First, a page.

Also note HOW the chain rollers seat in those valleys? the chain sets high in those valleys towards the exit off the bottom of the ring... A new large chainring might help eliminate most of that gap, since you say the chain is new... Mileage is less of a factor on any bike used off-pavement than visible wear... and all us online mechanics have to go by is the pics posted... Chain ring tooth wear is extrapolative.. the more wear there is, the faster it will wear due to less teeth being presented to the chain under load... the effective diameter of the chainring is reduced because of the wear... at some point the chain's sideplates begin hitting the chainring when the ring has a machined ridge like yours does.... all the wear increases "CHAIN NOISE", which is why you're wanting to alter the chainline, right? "Chain noise" is the chain slipping up and down in those tooth valleys under load, or rubbing against the der. cages, btw,,, I've seen some Tragically worn out chains in the past that made noise, but that chain is "new"....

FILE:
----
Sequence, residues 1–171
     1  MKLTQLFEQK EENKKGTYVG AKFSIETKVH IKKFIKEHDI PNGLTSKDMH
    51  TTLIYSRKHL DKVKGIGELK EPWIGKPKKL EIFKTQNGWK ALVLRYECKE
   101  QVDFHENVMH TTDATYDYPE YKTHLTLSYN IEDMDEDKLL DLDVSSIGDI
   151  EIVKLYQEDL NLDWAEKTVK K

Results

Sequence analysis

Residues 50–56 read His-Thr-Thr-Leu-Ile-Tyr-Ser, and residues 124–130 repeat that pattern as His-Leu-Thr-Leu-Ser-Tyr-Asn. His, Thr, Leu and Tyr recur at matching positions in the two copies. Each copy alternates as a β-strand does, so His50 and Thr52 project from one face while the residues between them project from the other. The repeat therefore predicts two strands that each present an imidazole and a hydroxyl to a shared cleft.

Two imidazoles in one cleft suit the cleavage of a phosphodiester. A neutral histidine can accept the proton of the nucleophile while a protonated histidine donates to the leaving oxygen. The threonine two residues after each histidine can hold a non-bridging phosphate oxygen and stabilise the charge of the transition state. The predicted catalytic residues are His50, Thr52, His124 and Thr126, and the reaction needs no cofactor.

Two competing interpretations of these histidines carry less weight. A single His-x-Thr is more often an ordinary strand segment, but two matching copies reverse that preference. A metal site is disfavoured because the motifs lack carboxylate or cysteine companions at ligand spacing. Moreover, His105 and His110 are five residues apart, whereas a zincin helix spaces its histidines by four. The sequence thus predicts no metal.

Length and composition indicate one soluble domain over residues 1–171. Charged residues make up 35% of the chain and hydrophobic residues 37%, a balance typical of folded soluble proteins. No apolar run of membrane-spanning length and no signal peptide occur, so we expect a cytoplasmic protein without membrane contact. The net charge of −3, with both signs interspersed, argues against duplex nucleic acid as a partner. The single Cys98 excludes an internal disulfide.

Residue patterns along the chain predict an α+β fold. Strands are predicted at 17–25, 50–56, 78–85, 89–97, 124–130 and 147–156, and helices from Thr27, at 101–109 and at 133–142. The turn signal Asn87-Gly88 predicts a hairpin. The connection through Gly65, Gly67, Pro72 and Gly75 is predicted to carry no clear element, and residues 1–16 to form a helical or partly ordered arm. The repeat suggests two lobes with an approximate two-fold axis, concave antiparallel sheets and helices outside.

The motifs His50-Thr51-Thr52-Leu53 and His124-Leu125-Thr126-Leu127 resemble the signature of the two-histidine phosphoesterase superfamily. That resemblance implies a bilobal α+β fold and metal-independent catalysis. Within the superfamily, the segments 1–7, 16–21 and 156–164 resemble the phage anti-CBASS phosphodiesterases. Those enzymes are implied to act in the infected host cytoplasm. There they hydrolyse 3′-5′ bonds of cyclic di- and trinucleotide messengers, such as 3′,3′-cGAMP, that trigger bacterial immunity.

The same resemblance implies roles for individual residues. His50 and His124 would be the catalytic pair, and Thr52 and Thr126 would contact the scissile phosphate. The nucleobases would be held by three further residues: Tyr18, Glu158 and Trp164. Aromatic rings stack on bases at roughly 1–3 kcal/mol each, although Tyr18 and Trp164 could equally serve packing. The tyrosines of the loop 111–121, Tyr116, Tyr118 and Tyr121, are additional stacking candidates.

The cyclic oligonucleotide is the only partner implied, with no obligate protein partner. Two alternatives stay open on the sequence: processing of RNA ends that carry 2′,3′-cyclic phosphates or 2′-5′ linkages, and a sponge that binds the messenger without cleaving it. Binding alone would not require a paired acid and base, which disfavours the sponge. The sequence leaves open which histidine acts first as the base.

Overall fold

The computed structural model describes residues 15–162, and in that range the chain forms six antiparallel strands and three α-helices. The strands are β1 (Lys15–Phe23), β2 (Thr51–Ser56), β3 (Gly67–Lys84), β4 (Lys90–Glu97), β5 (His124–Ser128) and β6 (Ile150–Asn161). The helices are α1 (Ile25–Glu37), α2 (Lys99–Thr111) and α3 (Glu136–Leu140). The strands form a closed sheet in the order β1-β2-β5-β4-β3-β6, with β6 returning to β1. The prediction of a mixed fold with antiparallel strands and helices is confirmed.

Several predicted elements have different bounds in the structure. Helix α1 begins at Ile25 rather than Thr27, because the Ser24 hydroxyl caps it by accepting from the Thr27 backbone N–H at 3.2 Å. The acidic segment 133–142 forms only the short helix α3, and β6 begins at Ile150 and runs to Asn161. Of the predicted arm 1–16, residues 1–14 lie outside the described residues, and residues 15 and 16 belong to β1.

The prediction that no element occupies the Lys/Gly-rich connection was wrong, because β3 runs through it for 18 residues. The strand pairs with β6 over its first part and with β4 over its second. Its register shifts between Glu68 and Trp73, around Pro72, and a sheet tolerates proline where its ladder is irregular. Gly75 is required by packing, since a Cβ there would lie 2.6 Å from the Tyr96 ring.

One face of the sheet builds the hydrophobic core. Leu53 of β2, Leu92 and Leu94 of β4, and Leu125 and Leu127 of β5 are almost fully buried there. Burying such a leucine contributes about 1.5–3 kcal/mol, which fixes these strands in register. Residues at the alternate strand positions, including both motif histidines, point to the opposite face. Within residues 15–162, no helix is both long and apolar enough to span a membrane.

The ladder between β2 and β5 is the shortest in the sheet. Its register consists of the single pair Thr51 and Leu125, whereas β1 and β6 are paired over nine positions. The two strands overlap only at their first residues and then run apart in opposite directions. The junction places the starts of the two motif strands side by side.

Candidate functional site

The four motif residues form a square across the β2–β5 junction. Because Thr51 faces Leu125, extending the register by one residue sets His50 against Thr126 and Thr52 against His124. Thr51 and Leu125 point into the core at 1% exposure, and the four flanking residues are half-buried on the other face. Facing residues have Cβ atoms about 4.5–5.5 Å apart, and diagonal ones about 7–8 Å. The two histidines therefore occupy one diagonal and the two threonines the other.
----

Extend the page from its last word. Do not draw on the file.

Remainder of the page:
Based on the pics and info provided, I advise trying a new large Chainring before you move Both chainrings.
Just Curious.. What brand/model/ # of speeds, chain is that? Peened pins, flat sideplates, no markings visible..

and i completely agree with the other responders that mentioned using the small ring more often.. it shows next to no use..

Last edited by maddog34; 04-27-23 at 11:09 AM.
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Old 04-27-23, 11:09 AM